Idaho Estate Planning - Tax Advantages in Land Management

Idaho Estate Planning - Tax Advantages in Land Management

Forest-348995_640[1]A gentleman farmer is a wealthy landowner who oversees a small farm purely for the pleasure of it—and, perhaps, for the pleasure of the tax breaks it generates. And in this age of artisanal everything, the notion of tending to your acreage as a hobby is suddenly terribly chic. People who own as little as three acres and engage in agricultural practices such as hay harvesting, bee keeping, chicken raising, and designating land for grazing animals may find themselves rewarded by localities with an enormous discount of up to 95% on property taxes.

Barron’s talks about tax breaks for farmers in a recent article titled “A Harvest of Land-Related Tax Breaks.”It seems some of the members of our nation’s farming community may surprise you. Malcolm S. Forbes Jr. and Jon Bon Jovi are among many other famous business folk, celebrities, and politicians with a sideline in farming. While most tax breaks for landowners occur in a single year, according to the original article, property-tax discounts awarded for agricultural activities are “reaped” annually, just like soy beans, corn, and alfalfa.

Taxpayers using their land to grow timber can find benefits beyond the property-tax break:  Timberland is great for wealth preservation. Even when land values or the demand for timber tails off, the trees on your farm continue to grow. Experts say that timber growth can provide an annual return of roughly 2% to 6% a year, and once you sell your timber, your profits are taxed as capital-gains, instead of higher income tax rates. It’s only when you manufacture products like pulp or poles from your timber crop that income tax will apply.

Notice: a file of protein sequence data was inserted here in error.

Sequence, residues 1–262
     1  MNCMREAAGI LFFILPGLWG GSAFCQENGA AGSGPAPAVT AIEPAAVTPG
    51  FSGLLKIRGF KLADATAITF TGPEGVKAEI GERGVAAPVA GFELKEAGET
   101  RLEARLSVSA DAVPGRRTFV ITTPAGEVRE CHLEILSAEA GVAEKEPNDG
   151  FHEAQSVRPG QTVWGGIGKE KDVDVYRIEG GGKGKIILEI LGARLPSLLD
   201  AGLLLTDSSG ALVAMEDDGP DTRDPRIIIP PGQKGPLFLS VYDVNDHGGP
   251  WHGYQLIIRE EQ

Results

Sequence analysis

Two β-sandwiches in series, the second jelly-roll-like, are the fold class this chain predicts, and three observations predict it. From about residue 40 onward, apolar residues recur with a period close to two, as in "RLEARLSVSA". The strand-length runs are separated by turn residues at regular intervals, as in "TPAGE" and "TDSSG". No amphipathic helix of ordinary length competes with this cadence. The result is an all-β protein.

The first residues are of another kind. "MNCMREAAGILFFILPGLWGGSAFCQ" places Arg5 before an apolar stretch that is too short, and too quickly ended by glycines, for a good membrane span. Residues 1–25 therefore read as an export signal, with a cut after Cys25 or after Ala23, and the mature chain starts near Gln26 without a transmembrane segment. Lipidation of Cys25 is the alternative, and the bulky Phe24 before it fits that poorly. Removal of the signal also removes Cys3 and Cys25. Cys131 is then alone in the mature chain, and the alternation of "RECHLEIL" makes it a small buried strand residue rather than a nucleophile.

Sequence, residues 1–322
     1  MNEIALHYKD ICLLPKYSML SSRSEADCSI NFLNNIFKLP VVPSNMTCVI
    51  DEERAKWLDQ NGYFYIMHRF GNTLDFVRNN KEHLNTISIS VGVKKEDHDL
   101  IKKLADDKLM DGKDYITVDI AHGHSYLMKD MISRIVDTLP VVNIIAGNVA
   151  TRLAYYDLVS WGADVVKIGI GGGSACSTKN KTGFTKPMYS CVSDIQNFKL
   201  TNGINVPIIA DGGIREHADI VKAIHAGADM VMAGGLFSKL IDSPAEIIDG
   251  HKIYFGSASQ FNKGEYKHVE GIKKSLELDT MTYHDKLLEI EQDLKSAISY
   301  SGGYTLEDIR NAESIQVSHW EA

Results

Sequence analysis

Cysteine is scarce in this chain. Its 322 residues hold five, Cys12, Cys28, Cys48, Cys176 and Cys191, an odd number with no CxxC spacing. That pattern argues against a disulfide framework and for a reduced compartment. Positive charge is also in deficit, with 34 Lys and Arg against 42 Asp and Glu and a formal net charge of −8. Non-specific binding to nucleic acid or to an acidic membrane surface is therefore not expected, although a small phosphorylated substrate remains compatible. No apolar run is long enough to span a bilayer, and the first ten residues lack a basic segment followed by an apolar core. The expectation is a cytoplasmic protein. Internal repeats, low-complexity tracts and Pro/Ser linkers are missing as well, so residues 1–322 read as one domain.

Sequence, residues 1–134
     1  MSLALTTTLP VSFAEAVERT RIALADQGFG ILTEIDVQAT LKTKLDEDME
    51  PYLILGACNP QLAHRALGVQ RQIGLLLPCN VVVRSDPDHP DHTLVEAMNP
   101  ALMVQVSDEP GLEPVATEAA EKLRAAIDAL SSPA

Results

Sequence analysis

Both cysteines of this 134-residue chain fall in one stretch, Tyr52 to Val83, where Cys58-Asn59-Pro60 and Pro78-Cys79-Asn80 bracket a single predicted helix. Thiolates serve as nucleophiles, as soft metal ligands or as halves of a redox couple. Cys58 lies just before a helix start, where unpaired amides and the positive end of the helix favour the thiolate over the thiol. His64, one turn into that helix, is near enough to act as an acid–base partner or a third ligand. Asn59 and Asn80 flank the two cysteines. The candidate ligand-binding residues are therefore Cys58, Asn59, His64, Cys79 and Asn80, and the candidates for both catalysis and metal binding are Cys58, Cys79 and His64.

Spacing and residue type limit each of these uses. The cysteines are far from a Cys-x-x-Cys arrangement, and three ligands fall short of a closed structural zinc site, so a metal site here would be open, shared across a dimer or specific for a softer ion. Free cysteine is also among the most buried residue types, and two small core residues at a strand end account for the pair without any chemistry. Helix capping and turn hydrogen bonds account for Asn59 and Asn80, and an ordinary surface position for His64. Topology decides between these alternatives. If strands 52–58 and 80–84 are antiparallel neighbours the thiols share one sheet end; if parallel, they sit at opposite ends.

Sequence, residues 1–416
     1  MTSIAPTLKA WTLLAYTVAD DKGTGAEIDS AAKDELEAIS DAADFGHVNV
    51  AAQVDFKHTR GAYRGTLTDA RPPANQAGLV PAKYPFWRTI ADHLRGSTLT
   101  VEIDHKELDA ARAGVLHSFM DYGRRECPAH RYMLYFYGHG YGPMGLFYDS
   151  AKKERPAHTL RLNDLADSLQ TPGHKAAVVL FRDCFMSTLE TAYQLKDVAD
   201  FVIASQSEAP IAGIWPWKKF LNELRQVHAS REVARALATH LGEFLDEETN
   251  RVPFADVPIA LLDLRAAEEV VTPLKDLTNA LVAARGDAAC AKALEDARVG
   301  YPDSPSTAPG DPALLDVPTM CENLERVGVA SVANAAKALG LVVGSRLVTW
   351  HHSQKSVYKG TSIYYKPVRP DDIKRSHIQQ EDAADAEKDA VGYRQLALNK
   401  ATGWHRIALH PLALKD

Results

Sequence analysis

Consider a conservation easement as another vehicle from which to generate a substantial income tax deduction. How does this work? A conservation easement is a portion of land earmarked as off-limits to development, so you would see an income tax deduction equal to the value of the land assigned to the easement when it was created. The estate planning benefits are also worth noting: this easement depresses the value of the property, so when it’s subject to estate taxes in the future, this will be at a lower value. The property’s value will also be reduced when you sell. Be sure to consult with an experienced estate planning attorney about these scenarios.

If you plan on passing your land to future generations, you might be able to discount the value of your property for gift and estate tax calculations, but you need to start the property transfer process during your lifetime. Again, your attorney can help you. Make an appointment now to buy the farm before you “buy the farm.”

At Idaho Estate Planning we are the experts you need to know and trust. Work with us and we'll put together a plan that works for you and your loved ones. Remember, good planning is no accident.

Rate this article:
No rating
Please login or register to post comments.